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rambler1

Is this possible

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For next year I would like to hook up a speed radar device to a segment of lights. I would then like the lights to sequence at the same interval.

Example:

If a car drives by at 20 mph. I would like the lights to follow at the same speed. So if I had 10 strands spaced equally apart it would chase at 29 ft/sec

Example 2

--- 0 0 0 0

car -> 20 mph

---

--- X 0 0 0

car -> 20 mph

---

--- 0 X 0 0

car -> 20 mph

---

--- 0 0 X 0

car -> 20 mph

---

--- 0 0 0 x

car -> 20 mph

---

Hope it makes sense

If you understand and can help it would be apreciated

Andy

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So you're trying to have the lights follow cars down the street?

Would it be easier to have motion sensors or triggers so that each strand of lights goes on when something is in front of, or on it? I have no idea how to incorporate speed detection, but the sensors seem doable.

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That's a neat idea Andy!

I think the easiest way is not to worry about the speed of the car, but to just know where it is in relationship to the lights, like Steve said.

A cheap low resolution CMOS camera 90 degrees from the street and with a full view of the path of the cars might do the trick. The video could be processed and distance scaled to match the light spacing and the appropriate light then turned on.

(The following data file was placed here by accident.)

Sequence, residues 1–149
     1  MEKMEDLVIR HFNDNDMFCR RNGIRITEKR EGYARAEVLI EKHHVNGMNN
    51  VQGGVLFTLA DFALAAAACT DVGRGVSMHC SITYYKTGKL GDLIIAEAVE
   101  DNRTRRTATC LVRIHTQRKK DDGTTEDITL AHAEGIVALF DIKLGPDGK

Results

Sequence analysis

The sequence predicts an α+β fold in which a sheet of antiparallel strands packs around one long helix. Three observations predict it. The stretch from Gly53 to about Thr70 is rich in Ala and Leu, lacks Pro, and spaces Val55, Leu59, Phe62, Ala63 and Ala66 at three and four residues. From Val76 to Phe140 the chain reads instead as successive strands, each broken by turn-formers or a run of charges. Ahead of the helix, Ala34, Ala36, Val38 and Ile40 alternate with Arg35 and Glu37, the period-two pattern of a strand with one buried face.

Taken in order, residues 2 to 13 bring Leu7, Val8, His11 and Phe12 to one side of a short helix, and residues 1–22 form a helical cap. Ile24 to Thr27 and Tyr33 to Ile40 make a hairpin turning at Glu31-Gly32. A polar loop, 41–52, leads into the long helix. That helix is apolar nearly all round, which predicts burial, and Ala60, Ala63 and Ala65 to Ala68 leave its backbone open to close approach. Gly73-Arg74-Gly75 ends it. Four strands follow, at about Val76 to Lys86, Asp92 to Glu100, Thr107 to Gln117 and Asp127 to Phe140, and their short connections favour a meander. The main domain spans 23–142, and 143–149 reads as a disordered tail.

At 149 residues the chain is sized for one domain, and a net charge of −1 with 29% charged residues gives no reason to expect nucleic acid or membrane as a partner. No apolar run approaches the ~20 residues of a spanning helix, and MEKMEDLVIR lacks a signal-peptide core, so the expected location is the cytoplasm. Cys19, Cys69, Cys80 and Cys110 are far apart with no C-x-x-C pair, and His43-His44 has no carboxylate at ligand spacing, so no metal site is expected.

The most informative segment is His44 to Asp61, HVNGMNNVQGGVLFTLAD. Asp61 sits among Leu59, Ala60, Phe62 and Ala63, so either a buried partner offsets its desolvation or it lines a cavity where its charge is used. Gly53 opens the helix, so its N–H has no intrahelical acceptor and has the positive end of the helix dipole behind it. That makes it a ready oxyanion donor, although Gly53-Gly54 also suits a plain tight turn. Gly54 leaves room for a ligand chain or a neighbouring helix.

Craig

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It could be done without the processing if you could get a good, high contrast B/W image from the camera. A phototransistor could be mounted (even taped) to the front of the CRT controlling a relay (solid state or mechanical) for every strand, and with a little experimentation on camera and phototransistor placement, this arrangement could probably track headlights fairly well.

Craig

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How about some kind of proximity sensor by the road? Like a tripwire but from one side of the road. No idea of what the correct name for that type of sensor is but I'm sure someone makes them.

Any help

Andy

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Just to add my 2 cents.

What about a sonic detector. We got one of those ultra-sound garage parking things, the ones that give you an indicator light when you are close enough to the wall. You could wire the indicator lights to SSR's or something to trigger your strings.

Jeff

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Just to add my 2 cents.

What about a sonic detector. We got one of those ultra-sound garage parking things, the ones that give you an indicator light when you are close enough to the wall. You could wire the indicator lights to SSR's or something to trigger your strings.

Jeff

They would work but their range is very limited and you would need multiple units, placed at the street above ground level to properly detect moving vehicles. If you had an old monitor, a CMOS camera can be bought for $5-$10 and the phototransistor/SSR combination for each string would be of minimal cost. It would all be hands off and away from the street. Astronomists use something like this (fiberoptic cables are mounted in a plate and attached to photodetectors and the plate is mounted to the telescope) to chart light output from stars.